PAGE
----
In January of 2010, the members of the U. S. Supreme Court, adopted a Decision, which was BLANTALY a Political Decision, in that DECISION they chose to IGNORE what the Founding Fathers wrote in the U. S. Constitution, when they allowed CORPORATIONS to Contribute UNLIMITED AMOUNTS of Money to the Politicians they wish to Purchase as their INDENTURED SLAVES, and called that Money having FREE Speech, but the Founding Fathers never granted Free Speech to anything other than Inidividual American Citizens, did they?
The Founding Fathers NEVER mention Corporations in the U. S. Constitution they wrote, matter of FACT the Constitution of the United States they wrote was to Protect the FREEDOMS and RIGHTS of the individual Citizen of the United States of America, and since Corporations weren’t granted any Rights under the U. S. Constitution, the members of the U. S. Supreme Court, in January 2010, showed their HATE and DISDAIN for what the Founding Fathers penned in the Constitution of the United States and chose to Legislate from behind their Black Robes, what’s the difference in members of the U. S. Supreme Court Legislating from behind their Black Robes and members of the Ku Klux KLAN enforcing their Lynching’s from behind their White Robes, they are both dastardly deeds, but when those people dressed in their Black Robes prostitute what the Founding Fathers wrote in the U. S. Constitution, they enforce their CORRUPTED Political Agenda, with no recourse to the Citizens of this Great nation, but their ACTIONS of STEALING the FREEDOMS and RIGHTS of American Citizens to Further their Political Agenda, is even More dangerous and scurrilous than what those people in their White Robes have done, as what those in their White Robes have done only affects a few people, while what those people in the Black Robes have done, will eventually ENSLAVE The Middle Income Workers of this Nation, and those people in their White Robes could NEVER commit an atrocity anywhere near that atrocious, could they?

The members of the U. S. Supreme Court should RESPECT what the Founding Fathers wrote in the Constitution of the United States of America, that’s the only way they can earn the respect of the American people, isn’t it?

Yes every American should respect the office those members of the U. S. Supreme Court occupy, but again every person has to earn the respect of their peers, otherwise it’s really not respect, but FEAR, or whatever a person might wish to call it, but it certainly isn’t respect, unless those people earn the respect of the people whose lives they affect for years to come, is it?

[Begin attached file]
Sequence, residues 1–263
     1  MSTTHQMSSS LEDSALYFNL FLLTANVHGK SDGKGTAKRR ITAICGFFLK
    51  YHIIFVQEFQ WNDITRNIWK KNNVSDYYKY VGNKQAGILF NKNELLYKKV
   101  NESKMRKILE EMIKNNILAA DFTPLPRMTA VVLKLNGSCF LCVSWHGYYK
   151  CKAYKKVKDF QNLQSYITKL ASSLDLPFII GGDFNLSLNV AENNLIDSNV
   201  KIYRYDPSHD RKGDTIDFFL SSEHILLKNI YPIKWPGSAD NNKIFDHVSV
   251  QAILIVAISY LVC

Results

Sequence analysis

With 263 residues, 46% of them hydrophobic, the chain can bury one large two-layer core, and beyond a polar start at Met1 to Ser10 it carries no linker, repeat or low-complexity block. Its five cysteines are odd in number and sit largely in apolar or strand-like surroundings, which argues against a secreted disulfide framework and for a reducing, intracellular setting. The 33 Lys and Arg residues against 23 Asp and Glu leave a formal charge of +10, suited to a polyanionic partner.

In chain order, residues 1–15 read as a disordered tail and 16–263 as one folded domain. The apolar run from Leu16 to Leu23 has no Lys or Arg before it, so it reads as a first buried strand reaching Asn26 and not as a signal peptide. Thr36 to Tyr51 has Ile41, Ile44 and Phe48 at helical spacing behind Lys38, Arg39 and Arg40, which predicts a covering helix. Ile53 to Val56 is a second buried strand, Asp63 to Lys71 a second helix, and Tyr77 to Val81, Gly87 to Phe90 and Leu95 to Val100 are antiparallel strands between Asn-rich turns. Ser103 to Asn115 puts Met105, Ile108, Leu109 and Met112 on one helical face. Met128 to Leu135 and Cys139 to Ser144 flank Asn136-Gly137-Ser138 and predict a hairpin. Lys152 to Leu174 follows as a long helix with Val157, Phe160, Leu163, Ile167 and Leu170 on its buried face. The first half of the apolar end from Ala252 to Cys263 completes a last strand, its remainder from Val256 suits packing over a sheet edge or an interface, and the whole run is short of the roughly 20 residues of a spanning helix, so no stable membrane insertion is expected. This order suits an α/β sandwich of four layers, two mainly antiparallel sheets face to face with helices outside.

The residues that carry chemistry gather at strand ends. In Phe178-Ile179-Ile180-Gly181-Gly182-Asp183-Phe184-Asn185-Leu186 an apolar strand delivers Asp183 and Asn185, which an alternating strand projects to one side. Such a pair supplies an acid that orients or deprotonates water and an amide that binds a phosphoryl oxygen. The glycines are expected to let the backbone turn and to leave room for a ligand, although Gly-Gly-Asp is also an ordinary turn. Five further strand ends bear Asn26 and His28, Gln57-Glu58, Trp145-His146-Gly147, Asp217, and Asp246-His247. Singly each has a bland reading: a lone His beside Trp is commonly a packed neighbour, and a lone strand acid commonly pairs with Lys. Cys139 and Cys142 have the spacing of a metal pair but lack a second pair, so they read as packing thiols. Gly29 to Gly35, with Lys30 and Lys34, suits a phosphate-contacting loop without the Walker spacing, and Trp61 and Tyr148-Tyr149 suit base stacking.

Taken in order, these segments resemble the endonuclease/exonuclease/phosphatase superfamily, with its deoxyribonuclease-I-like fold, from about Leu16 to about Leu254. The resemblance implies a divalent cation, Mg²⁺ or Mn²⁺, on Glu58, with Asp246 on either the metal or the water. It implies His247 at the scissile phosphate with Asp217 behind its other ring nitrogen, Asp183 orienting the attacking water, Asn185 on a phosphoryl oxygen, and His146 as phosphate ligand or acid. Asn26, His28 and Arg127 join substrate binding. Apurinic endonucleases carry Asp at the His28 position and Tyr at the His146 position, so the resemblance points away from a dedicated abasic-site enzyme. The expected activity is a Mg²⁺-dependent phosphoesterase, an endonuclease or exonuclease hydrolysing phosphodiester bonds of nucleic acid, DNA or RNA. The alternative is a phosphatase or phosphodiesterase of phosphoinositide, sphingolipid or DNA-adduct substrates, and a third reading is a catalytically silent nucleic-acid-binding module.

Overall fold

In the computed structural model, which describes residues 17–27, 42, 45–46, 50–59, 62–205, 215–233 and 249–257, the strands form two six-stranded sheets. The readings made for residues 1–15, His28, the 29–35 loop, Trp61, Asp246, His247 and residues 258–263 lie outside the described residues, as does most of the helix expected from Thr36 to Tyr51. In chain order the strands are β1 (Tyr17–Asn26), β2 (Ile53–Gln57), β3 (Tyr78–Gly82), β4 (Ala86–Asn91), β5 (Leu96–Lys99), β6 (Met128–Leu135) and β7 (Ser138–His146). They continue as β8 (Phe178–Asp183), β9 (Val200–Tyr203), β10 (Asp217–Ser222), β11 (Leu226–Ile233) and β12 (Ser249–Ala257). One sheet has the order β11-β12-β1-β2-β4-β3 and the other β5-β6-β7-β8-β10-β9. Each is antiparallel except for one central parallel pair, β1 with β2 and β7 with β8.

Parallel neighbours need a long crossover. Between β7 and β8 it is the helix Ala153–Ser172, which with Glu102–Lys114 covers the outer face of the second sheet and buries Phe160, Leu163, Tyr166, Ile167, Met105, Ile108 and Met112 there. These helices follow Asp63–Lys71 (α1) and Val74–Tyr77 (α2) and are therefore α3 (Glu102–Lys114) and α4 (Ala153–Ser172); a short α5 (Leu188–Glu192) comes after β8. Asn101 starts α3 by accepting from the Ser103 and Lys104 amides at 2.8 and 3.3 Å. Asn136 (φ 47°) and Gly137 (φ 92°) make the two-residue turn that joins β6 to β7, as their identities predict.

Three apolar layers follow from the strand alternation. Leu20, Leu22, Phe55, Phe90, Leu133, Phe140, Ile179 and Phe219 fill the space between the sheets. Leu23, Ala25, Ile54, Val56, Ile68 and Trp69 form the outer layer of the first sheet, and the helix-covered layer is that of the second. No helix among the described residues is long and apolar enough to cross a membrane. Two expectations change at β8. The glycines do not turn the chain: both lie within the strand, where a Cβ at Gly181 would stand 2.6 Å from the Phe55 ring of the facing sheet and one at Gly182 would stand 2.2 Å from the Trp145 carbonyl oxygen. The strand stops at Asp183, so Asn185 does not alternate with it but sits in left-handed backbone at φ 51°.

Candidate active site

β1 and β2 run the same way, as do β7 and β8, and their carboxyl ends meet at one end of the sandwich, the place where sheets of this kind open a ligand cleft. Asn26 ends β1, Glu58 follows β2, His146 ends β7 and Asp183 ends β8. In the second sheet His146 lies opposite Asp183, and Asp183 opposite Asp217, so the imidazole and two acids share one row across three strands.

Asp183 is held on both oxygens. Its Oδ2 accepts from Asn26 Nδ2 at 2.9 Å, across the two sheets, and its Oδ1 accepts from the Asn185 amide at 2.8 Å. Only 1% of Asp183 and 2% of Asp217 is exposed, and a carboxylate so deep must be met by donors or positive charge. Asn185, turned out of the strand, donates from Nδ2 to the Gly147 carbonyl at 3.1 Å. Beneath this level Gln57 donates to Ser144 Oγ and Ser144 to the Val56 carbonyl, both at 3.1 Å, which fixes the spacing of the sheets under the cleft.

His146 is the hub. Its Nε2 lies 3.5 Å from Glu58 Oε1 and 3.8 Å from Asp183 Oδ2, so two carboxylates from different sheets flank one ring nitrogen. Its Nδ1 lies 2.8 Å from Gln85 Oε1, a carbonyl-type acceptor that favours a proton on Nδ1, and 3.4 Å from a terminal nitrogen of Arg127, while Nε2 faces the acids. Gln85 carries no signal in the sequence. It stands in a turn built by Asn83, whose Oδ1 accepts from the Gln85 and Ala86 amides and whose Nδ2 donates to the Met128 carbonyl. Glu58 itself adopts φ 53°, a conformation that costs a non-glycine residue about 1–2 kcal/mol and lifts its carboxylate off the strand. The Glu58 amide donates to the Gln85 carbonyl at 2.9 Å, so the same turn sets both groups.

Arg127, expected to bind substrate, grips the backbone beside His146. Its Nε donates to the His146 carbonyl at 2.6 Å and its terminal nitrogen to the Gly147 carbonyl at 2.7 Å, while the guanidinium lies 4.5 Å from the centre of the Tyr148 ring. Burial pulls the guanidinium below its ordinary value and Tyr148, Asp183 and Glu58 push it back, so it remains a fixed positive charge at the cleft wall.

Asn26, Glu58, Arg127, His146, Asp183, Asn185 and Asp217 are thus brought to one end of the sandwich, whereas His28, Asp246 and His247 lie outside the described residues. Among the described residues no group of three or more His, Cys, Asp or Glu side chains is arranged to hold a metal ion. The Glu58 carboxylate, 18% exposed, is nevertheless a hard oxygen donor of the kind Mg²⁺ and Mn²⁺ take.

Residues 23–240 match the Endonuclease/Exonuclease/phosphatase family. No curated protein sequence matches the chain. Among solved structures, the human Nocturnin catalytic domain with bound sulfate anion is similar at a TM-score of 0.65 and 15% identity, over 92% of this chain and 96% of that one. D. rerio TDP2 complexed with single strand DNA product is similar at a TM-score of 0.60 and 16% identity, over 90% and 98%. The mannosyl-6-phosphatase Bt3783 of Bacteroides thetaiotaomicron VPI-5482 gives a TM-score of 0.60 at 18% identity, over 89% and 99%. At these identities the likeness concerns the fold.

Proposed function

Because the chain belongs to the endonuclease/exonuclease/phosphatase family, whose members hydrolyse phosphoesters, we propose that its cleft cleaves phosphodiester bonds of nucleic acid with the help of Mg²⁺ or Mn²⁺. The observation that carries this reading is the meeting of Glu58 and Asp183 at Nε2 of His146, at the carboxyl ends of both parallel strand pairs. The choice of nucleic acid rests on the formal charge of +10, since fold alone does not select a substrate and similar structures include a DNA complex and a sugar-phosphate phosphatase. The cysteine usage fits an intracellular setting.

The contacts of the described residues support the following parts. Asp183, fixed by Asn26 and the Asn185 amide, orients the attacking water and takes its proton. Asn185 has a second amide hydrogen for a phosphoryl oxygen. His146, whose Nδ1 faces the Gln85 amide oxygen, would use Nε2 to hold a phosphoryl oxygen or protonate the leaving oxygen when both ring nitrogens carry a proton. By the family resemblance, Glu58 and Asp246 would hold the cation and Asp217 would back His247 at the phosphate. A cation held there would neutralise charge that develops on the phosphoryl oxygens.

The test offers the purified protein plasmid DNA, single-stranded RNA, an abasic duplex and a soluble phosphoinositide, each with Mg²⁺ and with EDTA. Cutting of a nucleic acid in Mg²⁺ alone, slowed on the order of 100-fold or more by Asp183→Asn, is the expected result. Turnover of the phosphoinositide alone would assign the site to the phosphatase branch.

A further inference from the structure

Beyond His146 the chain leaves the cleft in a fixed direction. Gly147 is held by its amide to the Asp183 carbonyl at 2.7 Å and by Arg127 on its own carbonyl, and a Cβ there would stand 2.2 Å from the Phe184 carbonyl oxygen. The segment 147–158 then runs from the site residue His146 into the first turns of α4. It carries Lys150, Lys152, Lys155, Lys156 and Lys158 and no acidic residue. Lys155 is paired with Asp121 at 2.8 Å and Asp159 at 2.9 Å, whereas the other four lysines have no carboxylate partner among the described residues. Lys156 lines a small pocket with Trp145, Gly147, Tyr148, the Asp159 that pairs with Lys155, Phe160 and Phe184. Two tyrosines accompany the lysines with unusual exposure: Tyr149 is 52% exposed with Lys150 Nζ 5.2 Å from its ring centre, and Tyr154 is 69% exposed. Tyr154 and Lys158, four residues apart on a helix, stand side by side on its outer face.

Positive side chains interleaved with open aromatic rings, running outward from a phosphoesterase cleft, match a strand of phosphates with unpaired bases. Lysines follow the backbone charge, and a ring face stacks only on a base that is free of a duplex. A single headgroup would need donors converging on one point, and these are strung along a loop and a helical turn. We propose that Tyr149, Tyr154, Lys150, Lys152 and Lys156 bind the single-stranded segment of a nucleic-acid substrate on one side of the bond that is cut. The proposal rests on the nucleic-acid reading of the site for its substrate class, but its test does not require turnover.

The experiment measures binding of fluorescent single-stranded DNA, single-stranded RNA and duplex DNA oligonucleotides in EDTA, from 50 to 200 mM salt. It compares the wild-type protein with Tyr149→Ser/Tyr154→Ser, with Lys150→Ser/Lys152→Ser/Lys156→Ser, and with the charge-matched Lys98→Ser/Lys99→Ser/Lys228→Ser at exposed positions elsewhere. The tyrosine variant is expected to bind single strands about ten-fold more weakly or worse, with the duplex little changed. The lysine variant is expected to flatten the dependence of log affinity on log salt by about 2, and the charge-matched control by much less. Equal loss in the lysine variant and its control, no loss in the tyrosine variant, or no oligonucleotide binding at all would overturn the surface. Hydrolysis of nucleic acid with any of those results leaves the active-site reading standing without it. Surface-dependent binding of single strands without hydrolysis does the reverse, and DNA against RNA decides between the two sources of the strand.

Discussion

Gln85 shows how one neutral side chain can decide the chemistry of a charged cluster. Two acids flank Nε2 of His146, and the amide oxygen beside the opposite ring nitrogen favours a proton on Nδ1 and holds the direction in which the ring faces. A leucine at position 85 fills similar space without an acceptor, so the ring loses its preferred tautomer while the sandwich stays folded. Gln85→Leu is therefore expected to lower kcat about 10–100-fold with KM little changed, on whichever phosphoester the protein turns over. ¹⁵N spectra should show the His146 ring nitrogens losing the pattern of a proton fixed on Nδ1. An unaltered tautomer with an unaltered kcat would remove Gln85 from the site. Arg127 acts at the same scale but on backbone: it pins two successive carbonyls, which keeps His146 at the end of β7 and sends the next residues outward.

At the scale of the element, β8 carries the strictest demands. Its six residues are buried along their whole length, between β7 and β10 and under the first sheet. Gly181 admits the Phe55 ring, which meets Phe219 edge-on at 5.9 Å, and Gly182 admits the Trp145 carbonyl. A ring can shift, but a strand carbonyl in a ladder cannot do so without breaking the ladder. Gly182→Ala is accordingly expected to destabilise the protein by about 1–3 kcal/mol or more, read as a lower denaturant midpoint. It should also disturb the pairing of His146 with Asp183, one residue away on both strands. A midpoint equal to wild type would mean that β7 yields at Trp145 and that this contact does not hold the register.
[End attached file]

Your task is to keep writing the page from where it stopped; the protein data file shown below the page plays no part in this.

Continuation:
BTW, the ruling of the Repulbican controlled U. S. Supreme Court, in the Sigeleman Case showed they had rather continue their DISDAIN for the Rights of the individual, than Protect the Rights of an Individual American Citizen who happened to be of the opposing Political Party, their Decision reveals they plan to continue to Further their CORUPTED Political Agenda, no matter how many portions of the U. S. Constitutioin they must shred to accomplish thier CORRUPTED Political Agenda.
The Siegelman Case had the support of about 120 State Attrorney Generals or Former State Attorney Generals, and surly all of those about 120 Attorney Generals, which included Democrats and Republicans, weren't as DUMB as A ROCK, were they?

Andrew Kreig

Great column! As a legal reform advocate, I've been researching irregularities in the Siegelman prosecution for years.This column aptly notes that mysteries remain even after all these years and expense because no oversight body ever dared follow up Rainsville resident Jill Simpson's sworn allegations by examining others under oath.

I've added a link to this column to my group's round-up this week of important commentary from around the nation on the Siegelman decision.

Andrew Kreig
Director, Justice Integrity Project
Washington, DC